DAVIE—It’s easy to look at Dolphins defensive end Charles Harris’ one sack in 390 snaps and be disappointed by his rookie year. But there’s a lot more to his play than just that.
There are some impressive numbers on Harris, beyond sacks, that show he’s playing as well as any of Miami’s defensive ends. He could not care less about those stats, by the way, good or bad.
“I don’t really look at my numbers,” he said. “I don’t look at that stuff. I ain’t never did it in college and I aint gonna do it now. Just keep playing the game. “I know what I do when I watch my film, but that’s all I really know.”
Going into Monday night’s game against New England, Harris leads the team in holding penalties caused (four) and is second in quarterback hurries (21) despite playing just half the defensive snaps. For comparison, Cameron Wake has played 58 percent, and Andre Branch has played 55 percent despite missing a game due to injury.
Harris also has more quarterback hits than Branch, eight to six. Wake leads the team with 22, followed by Ndamukong Suh’s nine.
Harris also leads Miami’s defensive line in passes batted down at the line of scrimmage.
Regardless of whether he cares about any of those numbers, which coach Adam Gase said are good indicators of how he’s playing, Harris can tell he’s been improving since training camp.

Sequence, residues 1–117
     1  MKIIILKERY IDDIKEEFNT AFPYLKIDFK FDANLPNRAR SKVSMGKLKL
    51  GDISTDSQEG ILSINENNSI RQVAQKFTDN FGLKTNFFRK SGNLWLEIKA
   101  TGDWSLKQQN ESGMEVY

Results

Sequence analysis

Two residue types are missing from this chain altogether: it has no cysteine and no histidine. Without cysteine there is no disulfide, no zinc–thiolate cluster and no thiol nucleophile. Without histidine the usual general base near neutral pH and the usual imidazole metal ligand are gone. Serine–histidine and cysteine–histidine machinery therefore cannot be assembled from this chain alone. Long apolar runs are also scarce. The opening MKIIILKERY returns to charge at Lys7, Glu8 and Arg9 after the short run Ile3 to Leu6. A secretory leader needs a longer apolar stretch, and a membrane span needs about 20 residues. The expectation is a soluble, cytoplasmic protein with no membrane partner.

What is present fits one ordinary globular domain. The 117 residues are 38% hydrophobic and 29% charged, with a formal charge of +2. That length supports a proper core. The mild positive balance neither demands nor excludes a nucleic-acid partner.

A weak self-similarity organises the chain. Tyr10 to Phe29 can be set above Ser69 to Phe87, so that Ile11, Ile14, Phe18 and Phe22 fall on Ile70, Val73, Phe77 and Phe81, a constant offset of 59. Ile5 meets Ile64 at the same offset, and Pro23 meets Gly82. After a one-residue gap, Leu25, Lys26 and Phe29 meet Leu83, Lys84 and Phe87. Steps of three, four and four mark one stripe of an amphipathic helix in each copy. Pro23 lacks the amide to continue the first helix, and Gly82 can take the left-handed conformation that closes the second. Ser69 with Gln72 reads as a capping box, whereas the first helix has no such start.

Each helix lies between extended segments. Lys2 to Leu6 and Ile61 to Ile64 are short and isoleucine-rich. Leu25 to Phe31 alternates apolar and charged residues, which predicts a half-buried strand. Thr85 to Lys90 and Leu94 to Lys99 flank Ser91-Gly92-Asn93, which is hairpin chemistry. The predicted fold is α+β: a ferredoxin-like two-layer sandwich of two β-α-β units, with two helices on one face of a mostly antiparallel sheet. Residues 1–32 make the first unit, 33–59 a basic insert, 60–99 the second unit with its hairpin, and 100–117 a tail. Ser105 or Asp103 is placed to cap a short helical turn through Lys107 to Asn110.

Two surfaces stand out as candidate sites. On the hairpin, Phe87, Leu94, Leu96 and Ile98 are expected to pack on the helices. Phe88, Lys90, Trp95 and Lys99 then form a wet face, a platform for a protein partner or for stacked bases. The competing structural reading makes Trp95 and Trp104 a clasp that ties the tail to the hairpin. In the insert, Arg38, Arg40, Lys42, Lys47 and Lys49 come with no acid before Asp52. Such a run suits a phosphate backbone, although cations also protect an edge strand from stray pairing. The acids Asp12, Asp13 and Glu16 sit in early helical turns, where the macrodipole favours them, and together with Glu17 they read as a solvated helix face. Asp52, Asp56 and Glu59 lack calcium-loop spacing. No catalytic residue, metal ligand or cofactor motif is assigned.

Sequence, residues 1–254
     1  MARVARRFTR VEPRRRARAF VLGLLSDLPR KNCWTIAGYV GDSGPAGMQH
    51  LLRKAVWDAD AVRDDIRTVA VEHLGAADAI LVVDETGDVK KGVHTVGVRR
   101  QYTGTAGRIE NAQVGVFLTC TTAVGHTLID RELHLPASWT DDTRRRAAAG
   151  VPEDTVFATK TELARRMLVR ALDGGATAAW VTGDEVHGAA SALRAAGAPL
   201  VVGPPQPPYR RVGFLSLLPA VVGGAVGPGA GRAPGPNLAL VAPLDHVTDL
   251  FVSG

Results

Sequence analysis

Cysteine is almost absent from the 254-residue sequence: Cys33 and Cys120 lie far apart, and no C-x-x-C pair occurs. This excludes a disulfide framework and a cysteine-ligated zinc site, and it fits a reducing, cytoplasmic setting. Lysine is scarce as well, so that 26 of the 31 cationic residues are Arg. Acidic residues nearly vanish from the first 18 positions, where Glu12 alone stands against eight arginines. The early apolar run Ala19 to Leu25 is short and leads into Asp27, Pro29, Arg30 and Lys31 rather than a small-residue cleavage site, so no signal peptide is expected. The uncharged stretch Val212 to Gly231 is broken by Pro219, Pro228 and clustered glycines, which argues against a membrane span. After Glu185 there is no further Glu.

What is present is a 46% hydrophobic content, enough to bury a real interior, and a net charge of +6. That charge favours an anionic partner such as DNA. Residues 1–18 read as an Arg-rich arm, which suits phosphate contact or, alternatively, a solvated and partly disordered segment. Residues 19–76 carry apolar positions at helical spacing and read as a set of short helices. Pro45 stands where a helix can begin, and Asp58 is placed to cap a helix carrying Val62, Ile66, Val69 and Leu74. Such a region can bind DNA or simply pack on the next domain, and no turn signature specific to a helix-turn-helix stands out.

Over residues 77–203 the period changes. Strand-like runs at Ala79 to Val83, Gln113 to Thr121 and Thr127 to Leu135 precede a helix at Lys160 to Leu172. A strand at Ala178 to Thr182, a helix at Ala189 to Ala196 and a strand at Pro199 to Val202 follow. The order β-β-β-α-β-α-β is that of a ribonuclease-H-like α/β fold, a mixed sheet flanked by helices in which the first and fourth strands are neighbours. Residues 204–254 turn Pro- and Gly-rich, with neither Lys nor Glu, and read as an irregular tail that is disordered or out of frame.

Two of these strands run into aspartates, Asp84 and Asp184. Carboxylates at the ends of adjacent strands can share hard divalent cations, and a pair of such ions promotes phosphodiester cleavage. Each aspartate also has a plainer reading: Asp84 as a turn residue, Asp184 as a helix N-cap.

“I think I’m doing better now,” he said. “I’m being a lot more confident in my pass rushing abilities and being more confident in the calls and everything like that. I’m looking for a big week this week and a big end to the season. I’m looking to finish strong.”
One of the biggest challenges for any NFL rookie is making the shift from a starring role in college to coming off the bench as a pro. While the Dolphins see Harris, the No. 22 pick this year, ultimately developing into a mainstay starting defensive end, they’ve asked him to learn behind Wake and Branch for at least his rookie year.
He’s embraced that and benefited tremendously from working with Wake, who showed no hesitation being a mentor. Wake’s taught him a lot of little things, like learning to time the end of the play clock in order to get a jump on the offensive tackle, and set an overall example how to operate on a daily basis at this level. That’s helped his transition.
“It’s just a process you’ve got to understand,” Harris said. “In time, everything gets better, so keep working hard. It’s just like when I got to college. My first year in college, I was a scrub. I wasn’t nothing. Then, obviously, I made it to the NFL. It’s the same.”
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